‘Second screen’ services the big story at IBC
Visitors arrive at IBC2012
The ‘second screen’ has become an obsession in the broadcast industry. The phrase no longer refers to the TV in the bedroom but the consumption of video or video-linked content on a ‘non-traditional device’, typically a laptop, tablet or smartphone. It also embraces what you do with those ‘windows’ both while sitting in front of your main display and when you are elsewhere.
In an Ovum survey published at IBC, 83 per cent of broadcast executives said that customers expect to “access all premium video services via the Web”, and 70 per cent said there is evident demand for “more content personalised for second screen viewing”.
Overall, 85 per cent of Ovum’s sample either agreed or strongly agreed with the statement that, “A multi-platform distribution (MPD) strategy is essential to market growth”.
So far, broadcast channels have found it easier to adapt. At one level, MPD is simply another pipe. So Sky in the UK now makes its programming available via cellphone-, tablet- and PC-aimed portals. More recently, the UK has seen the YouView Internet-enhanced IPTV box, although it remains locked to the main TV.
The greater challenge faces the delivery networks, the cable, telco, and satellite providers who carry the signals. Their bugbear is ‘disintermediation’ – a clumsy word for their fear of becoming commodity bandwidth brokers and nothing more.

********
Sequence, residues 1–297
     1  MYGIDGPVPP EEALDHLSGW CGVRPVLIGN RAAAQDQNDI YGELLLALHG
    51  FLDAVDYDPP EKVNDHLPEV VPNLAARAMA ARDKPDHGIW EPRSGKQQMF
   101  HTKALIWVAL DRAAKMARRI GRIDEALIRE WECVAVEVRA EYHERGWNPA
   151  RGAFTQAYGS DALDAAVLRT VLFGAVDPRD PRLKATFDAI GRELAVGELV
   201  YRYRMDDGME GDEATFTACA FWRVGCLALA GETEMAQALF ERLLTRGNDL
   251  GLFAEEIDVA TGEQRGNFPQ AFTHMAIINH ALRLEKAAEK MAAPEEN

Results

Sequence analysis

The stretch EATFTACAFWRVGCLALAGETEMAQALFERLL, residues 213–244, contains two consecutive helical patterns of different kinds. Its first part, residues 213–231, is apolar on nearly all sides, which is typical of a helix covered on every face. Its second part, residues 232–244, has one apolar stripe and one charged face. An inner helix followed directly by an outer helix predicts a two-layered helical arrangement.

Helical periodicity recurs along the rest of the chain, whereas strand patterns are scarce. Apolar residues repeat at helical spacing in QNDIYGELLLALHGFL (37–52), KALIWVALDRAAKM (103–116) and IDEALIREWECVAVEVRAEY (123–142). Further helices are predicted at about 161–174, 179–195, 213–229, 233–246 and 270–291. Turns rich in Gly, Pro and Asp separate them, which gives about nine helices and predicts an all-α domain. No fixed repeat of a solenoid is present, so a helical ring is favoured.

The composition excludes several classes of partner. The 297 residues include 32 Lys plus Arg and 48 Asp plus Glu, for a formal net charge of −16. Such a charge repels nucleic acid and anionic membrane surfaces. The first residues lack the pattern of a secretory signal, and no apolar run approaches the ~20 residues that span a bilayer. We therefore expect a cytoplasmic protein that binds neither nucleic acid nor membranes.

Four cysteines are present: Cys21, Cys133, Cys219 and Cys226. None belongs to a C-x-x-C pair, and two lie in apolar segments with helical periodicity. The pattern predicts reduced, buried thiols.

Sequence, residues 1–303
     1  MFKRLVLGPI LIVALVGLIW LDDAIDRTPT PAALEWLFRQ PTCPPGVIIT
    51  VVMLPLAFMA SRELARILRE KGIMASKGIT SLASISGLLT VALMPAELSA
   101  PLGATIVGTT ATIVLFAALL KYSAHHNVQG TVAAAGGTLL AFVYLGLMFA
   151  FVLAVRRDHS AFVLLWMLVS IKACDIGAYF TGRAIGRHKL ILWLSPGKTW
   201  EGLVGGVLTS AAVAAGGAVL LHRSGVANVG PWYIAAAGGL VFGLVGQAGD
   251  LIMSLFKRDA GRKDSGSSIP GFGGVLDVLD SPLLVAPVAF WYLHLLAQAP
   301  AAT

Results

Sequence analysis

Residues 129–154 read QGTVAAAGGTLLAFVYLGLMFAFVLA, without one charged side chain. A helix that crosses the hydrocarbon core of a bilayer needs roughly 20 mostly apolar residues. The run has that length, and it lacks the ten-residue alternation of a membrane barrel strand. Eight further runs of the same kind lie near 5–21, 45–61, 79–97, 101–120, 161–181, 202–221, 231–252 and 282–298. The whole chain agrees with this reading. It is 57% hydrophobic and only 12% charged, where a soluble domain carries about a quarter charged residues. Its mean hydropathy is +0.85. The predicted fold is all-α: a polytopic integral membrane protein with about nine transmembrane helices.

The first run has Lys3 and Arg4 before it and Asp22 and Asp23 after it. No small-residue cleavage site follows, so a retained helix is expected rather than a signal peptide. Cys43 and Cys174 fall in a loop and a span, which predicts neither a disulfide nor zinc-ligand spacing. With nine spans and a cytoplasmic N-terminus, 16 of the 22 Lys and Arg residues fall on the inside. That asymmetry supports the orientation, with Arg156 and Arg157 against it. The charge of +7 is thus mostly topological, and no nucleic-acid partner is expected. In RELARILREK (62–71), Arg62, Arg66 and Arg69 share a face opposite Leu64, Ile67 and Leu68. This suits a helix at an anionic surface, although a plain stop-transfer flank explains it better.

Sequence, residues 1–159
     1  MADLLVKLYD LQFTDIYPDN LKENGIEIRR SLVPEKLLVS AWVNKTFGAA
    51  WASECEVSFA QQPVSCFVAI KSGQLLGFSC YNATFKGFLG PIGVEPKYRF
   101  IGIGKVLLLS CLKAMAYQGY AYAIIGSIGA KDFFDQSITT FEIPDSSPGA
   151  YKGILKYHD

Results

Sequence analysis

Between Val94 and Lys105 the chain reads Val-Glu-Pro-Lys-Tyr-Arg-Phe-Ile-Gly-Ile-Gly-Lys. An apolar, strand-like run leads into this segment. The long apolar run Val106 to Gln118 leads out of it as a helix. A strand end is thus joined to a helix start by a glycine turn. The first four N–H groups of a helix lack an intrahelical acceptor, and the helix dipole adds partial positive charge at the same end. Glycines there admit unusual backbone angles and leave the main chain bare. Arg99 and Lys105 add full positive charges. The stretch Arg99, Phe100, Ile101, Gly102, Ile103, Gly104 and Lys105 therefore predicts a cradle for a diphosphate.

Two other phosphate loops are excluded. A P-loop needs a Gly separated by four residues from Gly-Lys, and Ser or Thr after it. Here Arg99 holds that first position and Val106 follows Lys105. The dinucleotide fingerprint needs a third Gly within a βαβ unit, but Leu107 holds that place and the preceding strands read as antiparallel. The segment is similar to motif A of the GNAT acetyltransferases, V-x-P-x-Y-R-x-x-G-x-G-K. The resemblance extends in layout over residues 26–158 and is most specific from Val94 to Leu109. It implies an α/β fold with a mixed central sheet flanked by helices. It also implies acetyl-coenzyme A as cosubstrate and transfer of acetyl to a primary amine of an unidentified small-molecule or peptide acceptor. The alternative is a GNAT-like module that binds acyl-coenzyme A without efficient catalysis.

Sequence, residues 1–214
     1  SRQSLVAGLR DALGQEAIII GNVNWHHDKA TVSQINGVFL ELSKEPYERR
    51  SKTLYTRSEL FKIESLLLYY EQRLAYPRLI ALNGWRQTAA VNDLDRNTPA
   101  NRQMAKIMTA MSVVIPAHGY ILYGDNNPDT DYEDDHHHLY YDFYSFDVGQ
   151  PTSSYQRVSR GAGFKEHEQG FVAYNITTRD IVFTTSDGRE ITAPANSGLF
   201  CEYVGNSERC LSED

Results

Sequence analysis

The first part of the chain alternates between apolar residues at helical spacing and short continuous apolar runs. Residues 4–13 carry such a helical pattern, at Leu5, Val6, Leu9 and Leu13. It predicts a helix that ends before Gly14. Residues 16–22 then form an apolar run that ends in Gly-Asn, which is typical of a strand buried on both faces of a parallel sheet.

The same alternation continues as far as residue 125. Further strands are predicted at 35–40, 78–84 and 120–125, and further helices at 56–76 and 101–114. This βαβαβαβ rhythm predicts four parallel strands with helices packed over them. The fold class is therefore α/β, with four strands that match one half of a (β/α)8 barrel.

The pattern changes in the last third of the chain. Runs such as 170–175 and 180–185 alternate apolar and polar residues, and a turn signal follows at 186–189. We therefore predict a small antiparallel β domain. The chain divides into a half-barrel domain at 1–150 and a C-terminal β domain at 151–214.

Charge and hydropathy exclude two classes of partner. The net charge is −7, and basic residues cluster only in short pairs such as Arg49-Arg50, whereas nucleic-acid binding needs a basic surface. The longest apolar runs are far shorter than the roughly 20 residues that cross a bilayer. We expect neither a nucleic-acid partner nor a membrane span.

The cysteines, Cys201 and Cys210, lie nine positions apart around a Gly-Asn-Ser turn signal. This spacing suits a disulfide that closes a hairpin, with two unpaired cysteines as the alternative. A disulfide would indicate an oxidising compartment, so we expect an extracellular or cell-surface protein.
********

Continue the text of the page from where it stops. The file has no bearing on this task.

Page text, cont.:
IBC saw one of the most powerful carriers, Liberty Global, offer its technological response to the second screen. An unfamiliar name in the UK, Liberty has just under eight million European customers in important cable markets such as the Netherlands, Switzerland, Germany and Ireland, as well as seven other continental markets. However, it is those four that form part of the initial roll-out of its Horizon TV platform.
“Horizon TV changes your tablet, smartphone or laptop into a television. An iPad can be used as a remote control or as an additional TV screen in the home. At the same time, customers can wirelessly stream personal content from their computers, tablets and smartphones onto their TV screens,” said Mike Fries, Liberty’s President and CEO.
“This is what our customers have been waiting for. Finally, you can enjoy the best cable TV programming on all of your devices. Horizon TV brings the power of the Internet and the most popular apps to your TV screen and allows you to ‘connect, discover and be free’.”
What Fries doesn’t say is that achieving this integration has not been easy. By general agreement, Horizon is about a year late.
There are a lot of suppliers involved. The main set-top box is from Samsung (echoing its growing experience in app-led smart TVs), the processor is from Intel’s Atom family and the Snowflake UI/middleware is from NDS, the former News International subsidiary now owned by Cisco Systems.
A further raft of partners supplies the technology for Wi-Fi, conditional access, cable modem standards and more. This is a one-stop box that shows an industry shifting from ‘triple play’ (TV, phone and Internet) marketing to a unified platform.
Beyond that, there is also the issue of scalability – the cable industry has a reputation for delivering boxes and gateways that are then rapidly overtaken by technology. Liberty believes it has got the headroom right. The issue is that it may be too late.
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